COVID-19

SBA says PPP loans are getting smaller in the second round of lending

Justin Ho May 20, 2020
Heard on: Marketplace Morning Report
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The SBA's changes for the latest round of lending appear to be helping smaller businesses. Olivier Douliery/AFP via Getty Images
COVID-19

SBA says PPP loans are getting smaller in the second round of lending

Justin Ho May 20, 2020
The SBA's changes for the latest round of lending appear to be helping smaller businesses. Olivier Douliery/AFP via Getty Images
HTML EMBED:
COPY

The Small Business Administration just released new data on its Paycheck Protection Program. The SBA says it has approved over $510 billion in forgivable loans, which are meant to keep people on payrolls, over both rounds of the program.

The average loan size has been falling. After the first round of PPP loans ran out of money, on April 16, the SBA said the average loan size was over $200,000.

Now, that average has dropped to about $120,000.

“It was cut in half or more in every single state between rounds one and two,” said Curt Long, chief economist at the National Association of Federally-Insured Credit Unions.

He says the SBA made some changes after the second round started, such as temporarily giving smaller lenders exclusive access to the funds.

“So that allowed a lot of credit unions and other small lenders to get those applications that had been stacking up processed, Long said.

Smaller businesses with smaller loan requests had a lot of competition for loans in the first round, says Luke Wake, senior staff attorney with the National Federation of Independent Business.

“‘Bigger small businesses,’ those closer to the 500 employee mark, were snatching up those loans,” he said.

Wake says the falling average loan size is a sign that smaller businesses are finally getting loan approvals.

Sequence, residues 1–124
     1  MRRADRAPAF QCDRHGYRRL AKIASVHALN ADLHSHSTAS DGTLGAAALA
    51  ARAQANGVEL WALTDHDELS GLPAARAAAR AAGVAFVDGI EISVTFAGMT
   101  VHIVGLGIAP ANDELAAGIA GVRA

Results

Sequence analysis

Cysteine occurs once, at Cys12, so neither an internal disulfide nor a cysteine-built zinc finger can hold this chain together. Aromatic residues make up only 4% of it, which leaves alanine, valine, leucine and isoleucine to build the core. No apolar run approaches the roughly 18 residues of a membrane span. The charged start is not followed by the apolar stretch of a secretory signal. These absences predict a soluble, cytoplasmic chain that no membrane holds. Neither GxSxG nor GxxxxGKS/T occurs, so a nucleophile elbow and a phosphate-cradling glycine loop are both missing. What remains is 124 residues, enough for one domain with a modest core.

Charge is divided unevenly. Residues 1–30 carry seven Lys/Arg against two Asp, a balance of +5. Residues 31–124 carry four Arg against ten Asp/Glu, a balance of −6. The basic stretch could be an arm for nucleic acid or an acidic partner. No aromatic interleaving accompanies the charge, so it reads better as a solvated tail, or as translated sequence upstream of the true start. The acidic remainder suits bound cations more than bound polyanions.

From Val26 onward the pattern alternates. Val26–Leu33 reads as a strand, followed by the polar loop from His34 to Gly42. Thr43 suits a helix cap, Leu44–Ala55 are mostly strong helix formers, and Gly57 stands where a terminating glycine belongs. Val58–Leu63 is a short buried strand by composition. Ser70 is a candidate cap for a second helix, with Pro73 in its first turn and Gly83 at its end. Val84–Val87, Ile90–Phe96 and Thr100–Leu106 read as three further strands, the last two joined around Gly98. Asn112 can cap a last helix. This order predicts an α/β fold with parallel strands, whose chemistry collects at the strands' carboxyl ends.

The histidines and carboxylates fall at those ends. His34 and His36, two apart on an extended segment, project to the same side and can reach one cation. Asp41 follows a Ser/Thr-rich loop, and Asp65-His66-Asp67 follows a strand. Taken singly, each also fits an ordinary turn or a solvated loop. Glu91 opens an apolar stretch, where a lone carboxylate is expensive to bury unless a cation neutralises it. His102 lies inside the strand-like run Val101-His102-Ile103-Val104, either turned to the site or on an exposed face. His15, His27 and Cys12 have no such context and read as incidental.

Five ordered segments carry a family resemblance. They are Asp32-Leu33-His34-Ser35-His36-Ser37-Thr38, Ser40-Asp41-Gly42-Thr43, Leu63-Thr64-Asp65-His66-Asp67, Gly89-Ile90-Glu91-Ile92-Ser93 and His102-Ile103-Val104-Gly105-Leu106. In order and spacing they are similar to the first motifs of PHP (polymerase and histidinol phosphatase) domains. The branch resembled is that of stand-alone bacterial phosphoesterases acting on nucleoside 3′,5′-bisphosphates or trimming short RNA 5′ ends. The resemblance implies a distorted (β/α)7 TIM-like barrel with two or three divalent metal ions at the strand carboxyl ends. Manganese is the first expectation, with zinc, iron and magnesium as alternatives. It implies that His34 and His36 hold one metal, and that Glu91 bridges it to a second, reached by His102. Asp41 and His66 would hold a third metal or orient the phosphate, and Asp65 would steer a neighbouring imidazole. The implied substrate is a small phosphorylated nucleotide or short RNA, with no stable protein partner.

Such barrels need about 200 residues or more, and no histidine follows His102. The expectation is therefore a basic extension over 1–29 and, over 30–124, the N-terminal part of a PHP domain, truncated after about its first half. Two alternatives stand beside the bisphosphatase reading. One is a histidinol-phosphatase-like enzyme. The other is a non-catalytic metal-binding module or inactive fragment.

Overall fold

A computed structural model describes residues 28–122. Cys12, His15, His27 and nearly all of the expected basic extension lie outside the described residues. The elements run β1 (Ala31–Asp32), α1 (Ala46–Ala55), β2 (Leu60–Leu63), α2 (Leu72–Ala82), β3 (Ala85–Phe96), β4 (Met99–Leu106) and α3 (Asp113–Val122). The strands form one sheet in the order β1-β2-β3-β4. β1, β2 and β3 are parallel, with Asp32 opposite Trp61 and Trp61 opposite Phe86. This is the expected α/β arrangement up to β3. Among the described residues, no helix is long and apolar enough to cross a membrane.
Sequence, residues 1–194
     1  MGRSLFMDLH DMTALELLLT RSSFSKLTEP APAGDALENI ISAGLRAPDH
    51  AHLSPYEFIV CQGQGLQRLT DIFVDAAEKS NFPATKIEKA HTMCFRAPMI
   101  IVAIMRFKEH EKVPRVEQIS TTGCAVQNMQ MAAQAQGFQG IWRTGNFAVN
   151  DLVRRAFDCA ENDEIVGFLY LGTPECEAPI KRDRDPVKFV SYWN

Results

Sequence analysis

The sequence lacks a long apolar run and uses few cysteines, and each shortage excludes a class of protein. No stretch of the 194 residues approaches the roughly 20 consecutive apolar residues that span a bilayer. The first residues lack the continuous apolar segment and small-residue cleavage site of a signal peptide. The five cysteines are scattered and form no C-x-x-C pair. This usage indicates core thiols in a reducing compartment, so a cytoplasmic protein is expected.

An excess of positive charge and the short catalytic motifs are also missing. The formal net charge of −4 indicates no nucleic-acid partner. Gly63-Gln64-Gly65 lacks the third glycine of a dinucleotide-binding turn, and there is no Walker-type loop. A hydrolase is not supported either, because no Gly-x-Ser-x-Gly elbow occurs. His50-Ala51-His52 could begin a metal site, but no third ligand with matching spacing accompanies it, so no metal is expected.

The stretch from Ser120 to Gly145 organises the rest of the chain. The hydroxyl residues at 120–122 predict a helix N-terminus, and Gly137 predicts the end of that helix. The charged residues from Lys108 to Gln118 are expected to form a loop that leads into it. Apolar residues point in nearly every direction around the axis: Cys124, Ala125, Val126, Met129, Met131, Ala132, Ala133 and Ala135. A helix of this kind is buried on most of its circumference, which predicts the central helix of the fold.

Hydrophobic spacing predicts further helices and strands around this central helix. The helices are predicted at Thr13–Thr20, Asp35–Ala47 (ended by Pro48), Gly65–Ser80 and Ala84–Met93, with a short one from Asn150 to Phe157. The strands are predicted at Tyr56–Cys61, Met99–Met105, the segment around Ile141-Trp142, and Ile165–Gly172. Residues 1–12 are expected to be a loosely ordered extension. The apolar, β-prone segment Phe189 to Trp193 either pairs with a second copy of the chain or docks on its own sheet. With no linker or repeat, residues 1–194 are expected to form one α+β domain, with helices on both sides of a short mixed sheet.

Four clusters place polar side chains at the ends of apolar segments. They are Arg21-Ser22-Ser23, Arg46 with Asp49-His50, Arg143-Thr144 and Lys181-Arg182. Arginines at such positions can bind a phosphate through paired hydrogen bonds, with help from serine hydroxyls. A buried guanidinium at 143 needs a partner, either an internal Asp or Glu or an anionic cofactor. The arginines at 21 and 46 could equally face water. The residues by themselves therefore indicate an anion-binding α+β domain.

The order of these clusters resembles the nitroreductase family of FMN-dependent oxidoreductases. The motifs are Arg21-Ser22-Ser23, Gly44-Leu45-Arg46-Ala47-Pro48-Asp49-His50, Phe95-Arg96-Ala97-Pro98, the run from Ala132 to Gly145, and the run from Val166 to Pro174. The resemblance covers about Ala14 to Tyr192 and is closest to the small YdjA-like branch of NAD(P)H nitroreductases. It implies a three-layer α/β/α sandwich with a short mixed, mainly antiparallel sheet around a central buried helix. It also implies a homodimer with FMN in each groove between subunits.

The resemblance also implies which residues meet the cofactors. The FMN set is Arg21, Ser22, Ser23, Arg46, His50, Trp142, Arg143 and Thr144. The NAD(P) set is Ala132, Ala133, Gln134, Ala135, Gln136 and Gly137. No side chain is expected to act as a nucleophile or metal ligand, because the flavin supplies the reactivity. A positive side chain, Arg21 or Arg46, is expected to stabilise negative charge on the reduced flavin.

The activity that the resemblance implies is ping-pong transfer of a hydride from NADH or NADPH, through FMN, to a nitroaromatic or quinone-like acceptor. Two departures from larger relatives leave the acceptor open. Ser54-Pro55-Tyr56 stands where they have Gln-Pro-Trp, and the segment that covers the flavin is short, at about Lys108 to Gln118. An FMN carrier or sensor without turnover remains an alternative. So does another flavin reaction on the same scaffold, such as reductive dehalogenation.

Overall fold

COVID-19 Economy FAQs

Are states ready to roll out COVID-19 vaccines?

Claire Hannan, executive director of the nonprofit Association of Immunization Managers, which represents state health officials, said states have been making good progress in their preparations. And we could have several vaccines pretty soon. But states still need more funding, she said. Hannan doesn’t think a lack of additional funding would hold up distribution initially, but it could cause problems down the road. “It’s really worrisome that Congress may not pass funding or that there’s information circulating saying that states don’t need additional funding,” she said.

How is the service industry dealing with the return of coronavirus restrictions?

Without another round of something like the Paycheck Protection Program, which kept a lot of businesses afloat during the pandemic’s early stages, the outlook is bleak for places like restaurants. Some in the San Francisco Bay Area, for example, only got one week of indoor dining back before cases rose and restrictions went back into effect. Restaurant owners are revamping their business models in an effort to survive while waiting to see if they’ll be able to get more aid.

How are hospitals handling the nationwide surge in COVID-19 cases?

As the pandemic surges and more medical professionals themselves are coming down with COVID, nearly 1 in 5 hospitals in the country report having a critical shortage of staff, according to data from the Department of Health and Human Services. One of the knock-on effects of staff shortages is that people who have other medical needs are being asked to wait.

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